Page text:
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Another URL shortner

I recently focused on bringing a “URL shortening” service in-house. While I don’t frequently use URL shorteners, they come in handy for sharing things like NextCloud links or article URLs with friends and family. Having my own system avoids tracking and allows me to control the lifespan of the URLs.

Previously, I used Netlify for this purpose, which conveniently manages redirects through a single config file (Netlify Redirects Documentation). This setup was efficient: I simply updated a Git repository linked to a Netlify site. Adding a new redirect was as easy as committing and pushing changes, or editing the file directly in the web IDE.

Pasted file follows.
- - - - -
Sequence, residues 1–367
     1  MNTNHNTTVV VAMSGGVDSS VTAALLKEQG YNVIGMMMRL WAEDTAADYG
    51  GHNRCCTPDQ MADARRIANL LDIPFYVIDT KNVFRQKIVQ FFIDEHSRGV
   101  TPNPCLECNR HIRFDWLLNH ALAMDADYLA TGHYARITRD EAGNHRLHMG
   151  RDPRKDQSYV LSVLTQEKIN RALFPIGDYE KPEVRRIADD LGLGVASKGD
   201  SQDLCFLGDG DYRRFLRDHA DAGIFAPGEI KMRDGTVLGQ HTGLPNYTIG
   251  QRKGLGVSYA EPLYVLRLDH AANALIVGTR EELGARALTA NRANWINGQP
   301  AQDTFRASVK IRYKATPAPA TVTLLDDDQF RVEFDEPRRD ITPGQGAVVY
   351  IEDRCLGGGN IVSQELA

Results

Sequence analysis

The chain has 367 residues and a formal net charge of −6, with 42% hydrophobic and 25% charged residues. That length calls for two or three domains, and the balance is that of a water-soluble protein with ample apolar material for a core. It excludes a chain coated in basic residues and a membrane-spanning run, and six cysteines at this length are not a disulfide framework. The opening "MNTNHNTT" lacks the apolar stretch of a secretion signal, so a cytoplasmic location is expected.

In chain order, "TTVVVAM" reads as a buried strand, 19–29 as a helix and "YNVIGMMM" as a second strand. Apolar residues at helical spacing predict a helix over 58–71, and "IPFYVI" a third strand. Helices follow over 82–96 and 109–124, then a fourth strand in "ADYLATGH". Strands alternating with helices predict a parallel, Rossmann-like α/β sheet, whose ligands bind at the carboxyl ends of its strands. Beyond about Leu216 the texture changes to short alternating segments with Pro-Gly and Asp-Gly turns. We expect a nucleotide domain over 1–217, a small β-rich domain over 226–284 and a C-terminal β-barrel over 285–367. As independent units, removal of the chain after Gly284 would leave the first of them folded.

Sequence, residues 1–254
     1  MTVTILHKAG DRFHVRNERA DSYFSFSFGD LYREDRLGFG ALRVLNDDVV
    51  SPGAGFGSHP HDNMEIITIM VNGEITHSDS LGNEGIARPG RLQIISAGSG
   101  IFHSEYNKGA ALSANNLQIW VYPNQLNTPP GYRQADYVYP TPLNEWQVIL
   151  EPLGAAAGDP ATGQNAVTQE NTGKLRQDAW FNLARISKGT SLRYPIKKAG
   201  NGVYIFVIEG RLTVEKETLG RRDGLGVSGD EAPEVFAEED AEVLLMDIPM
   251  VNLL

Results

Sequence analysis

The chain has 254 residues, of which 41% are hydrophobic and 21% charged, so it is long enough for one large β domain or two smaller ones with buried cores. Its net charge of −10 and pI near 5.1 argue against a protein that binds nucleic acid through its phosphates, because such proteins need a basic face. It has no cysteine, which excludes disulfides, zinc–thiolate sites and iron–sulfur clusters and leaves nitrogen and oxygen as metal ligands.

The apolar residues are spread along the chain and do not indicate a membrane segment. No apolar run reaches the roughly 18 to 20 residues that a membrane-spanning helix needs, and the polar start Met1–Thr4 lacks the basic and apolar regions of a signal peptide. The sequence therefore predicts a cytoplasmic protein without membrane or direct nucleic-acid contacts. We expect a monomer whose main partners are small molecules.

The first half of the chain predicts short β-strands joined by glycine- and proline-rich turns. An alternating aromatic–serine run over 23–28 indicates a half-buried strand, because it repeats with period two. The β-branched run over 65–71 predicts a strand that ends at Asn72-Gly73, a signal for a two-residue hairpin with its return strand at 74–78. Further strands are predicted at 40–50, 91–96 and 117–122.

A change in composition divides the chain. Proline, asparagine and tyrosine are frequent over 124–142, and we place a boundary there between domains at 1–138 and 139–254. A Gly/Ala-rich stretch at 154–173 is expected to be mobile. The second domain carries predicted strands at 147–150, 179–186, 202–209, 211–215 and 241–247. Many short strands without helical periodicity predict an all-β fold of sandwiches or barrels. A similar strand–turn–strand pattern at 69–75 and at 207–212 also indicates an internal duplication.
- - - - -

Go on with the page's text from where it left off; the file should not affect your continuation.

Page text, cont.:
To achieve similar functionality on my own server, I developed go-redirector. My prior experience with Go, building a personal API for various tasks (similar to IFTTT, but self-coded), assured me it was a suitable choice.

Go-redirector is straightforward. It stores redirects in the same format as Netlify and, upon startup, the server reads this file, registering each line as a separate route. It’s a lean solution, with an image size of around 15MB, focused solely on redirecting from a path to a URL.

For more details on its usage, you can check the repository.

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